Ah, the media. How we love conflict. One day, Salinas may land on the front pages of a national publication because of local, amazing efforts to promote science and technology education in schools.
Until then, we have Tiburcio Vásquez to thank for the honor.
Check out the front page, Column One article the L.A. Times did on our rambunctious little town and its imbroglio featuring Jose Castañeda, Joe Gunter, and the outlaw KSBW loves to hate. It's actually a nice piece of writing (publication gets minus points for not using accents and tildes. Alas, it's the mainstream media).
Ah, if only I were given a month to work on a piece. I'd take a week, really.
I know folks in Salinas hate it when they get bad press, and national coverage about our local troubles is as bad as it gets for some. But last week, when I was covering the latest dust up on the naming of the Alisal school, it occurred to me there's a bright side to the controversy. As I was trying to interview Councilman Tony Barrera, I met José Córdoba, an Alisal resident who had never heard of Tiburcio Vásquez. So he decided to do some research, and now he's practically a doctor in the life and times of Vásquez and California's founding.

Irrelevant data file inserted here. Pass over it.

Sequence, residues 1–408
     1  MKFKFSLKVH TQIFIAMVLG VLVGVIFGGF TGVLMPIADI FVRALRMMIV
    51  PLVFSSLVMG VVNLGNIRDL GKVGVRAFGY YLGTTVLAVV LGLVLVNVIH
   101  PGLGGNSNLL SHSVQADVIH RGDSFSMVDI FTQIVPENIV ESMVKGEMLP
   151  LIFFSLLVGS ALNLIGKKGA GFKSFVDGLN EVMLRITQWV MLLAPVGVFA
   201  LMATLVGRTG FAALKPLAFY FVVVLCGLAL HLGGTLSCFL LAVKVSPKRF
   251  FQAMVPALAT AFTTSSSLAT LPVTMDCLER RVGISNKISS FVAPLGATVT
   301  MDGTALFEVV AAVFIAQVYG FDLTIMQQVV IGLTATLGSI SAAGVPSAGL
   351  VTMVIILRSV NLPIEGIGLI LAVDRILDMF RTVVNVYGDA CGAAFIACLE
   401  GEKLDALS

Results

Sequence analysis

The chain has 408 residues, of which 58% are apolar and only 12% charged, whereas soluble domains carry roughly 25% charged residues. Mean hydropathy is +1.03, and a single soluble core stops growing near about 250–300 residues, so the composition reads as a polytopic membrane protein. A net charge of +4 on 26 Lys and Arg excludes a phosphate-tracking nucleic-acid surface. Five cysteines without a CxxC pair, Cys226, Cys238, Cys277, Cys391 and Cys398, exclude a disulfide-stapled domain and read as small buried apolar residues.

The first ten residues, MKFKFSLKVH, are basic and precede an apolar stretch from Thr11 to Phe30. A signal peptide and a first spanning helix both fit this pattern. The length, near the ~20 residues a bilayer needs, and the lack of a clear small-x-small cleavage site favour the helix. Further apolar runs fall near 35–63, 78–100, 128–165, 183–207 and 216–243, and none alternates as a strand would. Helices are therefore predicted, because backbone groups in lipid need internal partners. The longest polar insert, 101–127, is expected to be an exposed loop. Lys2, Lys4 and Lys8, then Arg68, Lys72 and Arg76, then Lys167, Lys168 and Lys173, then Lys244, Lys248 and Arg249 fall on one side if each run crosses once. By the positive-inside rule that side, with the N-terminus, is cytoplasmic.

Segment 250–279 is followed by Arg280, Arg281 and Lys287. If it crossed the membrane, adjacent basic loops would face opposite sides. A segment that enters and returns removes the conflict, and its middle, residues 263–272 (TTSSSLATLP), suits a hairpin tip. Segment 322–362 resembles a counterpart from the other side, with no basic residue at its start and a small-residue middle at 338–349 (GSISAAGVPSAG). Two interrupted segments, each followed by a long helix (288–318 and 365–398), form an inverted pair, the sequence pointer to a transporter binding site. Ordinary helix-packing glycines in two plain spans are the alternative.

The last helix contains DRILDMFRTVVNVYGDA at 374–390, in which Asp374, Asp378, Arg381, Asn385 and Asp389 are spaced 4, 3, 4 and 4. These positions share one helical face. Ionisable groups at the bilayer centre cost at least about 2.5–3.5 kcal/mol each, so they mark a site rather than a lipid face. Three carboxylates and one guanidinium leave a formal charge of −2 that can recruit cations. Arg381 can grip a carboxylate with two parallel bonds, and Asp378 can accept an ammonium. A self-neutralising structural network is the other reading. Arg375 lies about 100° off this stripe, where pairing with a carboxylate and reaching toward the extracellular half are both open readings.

Anything that inspires people to learn should be a good thing, in the end. So here's to learning, to finding out on your own what really happened two centuries ago. Good luck!
And if you need any guidance, check out the classes David Serena, MPC lecturer on Chicano Studies, is offering on Mexican American history in California. The classes take place every Saturday at the Cesar Chavez Library from 10 a.m. to 12:30 p.m.
Here's another gem I dug out from last week's meeting. Debora Long, a life-long resident of the Alisal of Irish ancestry, said we all belong to the human race, and as such we should try to get along.
I'm with you, Ms. Long. Here's to learning. And healing.
And a six-minute video from last week's meeting. Enjoy.